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http://dx.doi.org/10.1016/j.ssresearch.2013.04.006DOI Listing
September 2013

Mutations in the ER-shaping protein reticulon 2 cause the axon-degenerative disorder hereditary spastic paraplegia type 12.

J Clin Invest 2012 Feb 9;122(2):538-44. Epub 2012 Jan 9.

Department of Human Genetics, University of Miami Miller School of Medicine, Miami, Florida, USA.

Hereditary spastic paraplegias (HSPs) are a group of genetically heterogeneous neurodegenerative conditions. They are characterized by progressive spastic paralysis of the legs as a result of selective, length-dependent degeneration of the axons of the corticospinal tract. Mutations in 3 genes encoding proteins that work together to shape the ER into sheets and tubules - receptor accessory protein 1 (REEP1), atlastin-1 (ATL1), and spastin (SPAST) - have been found to underlie many cases of HSP in Northern Europe and North America. Applying Sanger and exome sequencing, we have now identified 3 mutations in reticulon 2 (RTN2), which encodes a member of the reticulon family of prototypic ER-shaping proteins, in families with spastic paraplegia 12 (SPG12). These autosomal dominant mutations included a complete deletion of RTN2 and a frameshift mutation predicted to produce a highly truncated protein. Wild-type reticulon 2, but not the truncated protein potentially encoded by the frameshift allele, localized to the ER. RTN2 interacted with spastin, and this interaction required a hydrophobic region in spastin that is involved in ER localization and that is predicted to form a curvature-inducing/sensing hairpin loop domain. Our results directly implicate a reticulon protein in axonopathy, show that this protein participates in a network of interactions among HSP proteins involved in ER shaping, and further support the hypothesis that abnormal ER morphogenesis is a pathogenic mechanism in HSP.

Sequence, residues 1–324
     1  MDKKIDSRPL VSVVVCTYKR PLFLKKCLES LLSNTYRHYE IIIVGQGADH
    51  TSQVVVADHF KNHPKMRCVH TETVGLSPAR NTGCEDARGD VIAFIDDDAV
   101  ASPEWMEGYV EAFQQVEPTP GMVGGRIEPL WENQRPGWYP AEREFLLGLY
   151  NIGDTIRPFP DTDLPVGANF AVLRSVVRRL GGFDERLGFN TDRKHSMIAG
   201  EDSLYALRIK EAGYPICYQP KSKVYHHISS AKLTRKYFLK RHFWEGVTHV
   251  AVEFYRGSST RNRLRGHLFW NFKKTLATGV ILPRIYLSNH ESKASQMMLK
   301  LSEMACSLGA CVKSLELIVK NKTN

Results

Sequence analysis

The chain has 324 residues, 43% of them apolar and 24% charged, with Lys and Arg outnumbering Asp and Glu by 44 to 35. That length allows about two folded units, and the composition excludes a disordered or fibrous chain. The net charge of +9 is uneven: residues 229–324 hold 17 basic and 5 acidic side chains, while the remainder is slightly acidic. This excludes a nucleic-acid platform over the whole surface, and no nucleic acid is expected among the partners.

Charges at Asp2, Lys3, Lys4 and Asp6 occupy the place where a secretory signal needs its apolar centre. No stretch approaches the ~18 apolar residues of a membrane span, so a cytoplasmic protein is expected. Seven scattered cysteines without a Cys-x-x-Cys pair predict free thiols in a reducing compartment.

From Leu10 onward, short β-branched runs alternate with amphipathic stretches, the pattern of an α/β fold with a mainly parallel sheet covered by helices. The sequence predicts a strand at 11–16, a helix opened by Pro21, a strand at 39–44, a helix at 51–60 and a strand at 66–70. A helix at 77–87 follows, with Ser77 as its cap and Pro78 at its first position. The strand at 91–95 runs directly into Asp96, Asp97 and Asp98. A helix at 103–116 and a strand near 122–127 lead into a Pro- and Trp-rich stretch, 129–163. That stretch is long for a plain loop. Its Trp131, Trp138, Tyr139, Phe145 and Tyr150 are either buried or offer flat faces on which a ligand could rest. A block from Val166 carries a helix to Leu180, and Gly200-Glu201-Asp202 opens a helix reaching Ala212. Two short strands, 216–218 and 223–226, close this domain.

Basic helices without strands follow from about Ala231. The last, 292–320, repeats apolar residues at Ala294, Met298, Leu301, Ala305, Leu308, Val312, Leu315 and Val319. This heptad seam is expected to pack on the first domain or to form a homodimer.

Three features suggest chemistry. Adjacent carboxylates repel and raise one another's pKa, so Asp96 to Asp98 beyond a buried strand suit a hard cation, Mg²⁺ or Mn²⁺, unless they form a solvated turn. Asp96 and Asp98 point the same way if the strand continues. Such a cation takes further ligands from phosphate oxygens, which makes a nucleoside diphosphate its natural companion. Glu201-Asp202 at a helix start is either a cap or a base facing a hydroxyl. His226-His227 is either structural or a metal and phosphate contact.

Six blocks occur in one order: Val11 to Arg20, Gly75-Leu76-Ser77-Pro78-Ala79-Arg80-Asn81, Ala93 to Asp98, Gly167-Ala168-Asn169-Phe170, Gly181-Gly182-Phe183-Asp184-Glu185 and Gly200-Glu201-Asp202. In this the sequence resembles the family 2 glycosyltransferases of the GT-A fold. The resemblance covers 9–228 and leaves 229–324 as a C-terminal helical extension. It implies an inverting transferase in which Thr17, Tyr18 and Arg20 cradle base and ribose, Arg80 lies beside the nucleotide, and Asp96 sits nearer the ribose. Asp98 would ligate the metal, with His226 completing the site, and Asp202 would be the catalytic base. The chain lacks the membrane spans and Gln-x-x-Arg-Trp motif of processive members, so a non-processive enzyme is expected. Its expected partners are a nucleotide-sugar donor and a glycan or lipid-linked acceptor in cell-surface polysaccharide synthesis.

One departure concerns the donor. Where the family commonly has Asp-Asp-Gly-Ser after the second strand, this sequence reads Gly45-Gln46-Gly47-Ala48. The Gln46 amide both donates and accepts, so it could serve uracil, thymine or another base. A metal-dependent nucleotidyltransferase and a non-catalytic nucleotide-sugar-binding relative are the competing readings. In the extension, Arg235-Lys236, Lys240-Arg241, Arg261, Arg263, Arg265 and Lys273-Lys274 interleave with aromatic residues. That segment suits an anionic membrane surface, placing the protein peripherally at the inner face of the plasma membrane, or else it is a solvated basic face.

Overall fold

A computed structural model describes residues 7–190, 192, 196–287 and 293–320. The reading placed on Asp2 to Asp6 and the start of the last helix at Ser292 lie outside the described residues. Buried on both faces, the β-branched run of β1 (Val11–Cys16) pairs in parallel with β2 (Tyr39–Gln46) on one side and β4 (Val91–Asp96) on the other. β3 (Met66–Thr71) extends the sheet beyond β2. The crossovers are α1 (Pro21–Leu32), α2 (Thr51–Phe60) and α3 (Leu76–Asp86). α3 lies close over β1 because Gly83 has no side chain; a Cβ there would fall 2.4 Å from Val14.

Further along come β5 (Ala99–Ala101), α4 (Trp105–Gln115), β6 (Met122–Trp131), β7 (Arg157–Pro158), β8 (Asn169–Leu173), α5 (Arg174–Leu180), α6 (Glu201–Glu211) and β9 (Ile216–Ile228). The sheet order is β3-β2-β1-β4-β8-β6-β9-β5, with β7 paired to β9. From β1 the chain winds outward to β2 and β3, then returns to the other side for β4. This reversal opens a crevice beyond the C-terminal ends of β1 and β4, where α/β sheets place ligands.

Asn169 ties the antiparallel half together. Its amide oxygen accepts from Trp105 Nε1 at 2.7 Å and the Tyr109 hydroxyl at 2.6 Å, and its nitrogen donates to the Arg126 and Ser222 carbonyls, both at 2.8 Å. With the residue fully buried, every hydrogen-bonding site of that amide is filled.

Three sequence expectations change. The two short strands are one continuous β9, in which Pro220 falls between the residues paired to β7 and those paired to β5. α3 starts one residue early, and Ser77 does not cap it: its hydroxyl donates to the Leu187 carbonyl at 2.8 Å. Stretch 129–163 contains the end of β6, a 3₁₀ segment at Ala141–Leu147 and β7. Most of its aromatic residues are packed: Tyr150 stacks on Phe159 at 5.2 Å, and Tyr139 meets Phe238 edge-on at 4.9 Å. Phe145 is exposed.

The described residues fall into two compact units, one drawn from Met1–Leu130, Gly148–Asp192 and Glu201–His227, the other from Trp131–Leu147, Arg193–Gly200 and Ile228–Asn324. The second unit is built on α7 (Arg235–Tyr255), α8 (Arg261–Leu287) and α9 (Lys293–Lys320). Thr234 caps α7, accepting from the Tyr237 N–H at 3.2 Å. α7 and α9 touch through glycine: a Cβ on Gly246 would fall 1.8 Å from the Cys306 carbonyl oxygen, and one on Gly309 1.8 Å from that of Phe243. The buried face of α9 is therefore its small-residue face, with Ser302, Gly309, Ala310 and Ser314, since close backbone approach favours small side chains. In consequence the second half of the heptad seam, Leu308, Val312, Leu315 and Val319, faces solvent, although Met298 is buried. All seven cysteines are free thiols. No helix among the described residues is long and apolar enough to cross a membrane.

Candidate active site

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http://dx.doi.org/10.1172/JCI60560DOI Listing
http://www.ncbi.nlm.nih.gov/pmc/articles/PMC3266795PMC
February 2012

The AAA ATPase spastin links microtubule severing to membrane modelling.

Biochim Biophys Acta 2012 Jan 25;1823(1):192-7. Epub 2011 Aug 25.

Department of Medical Genetics and Cambridge Institute for Medical Research, University of Cambridge, UK.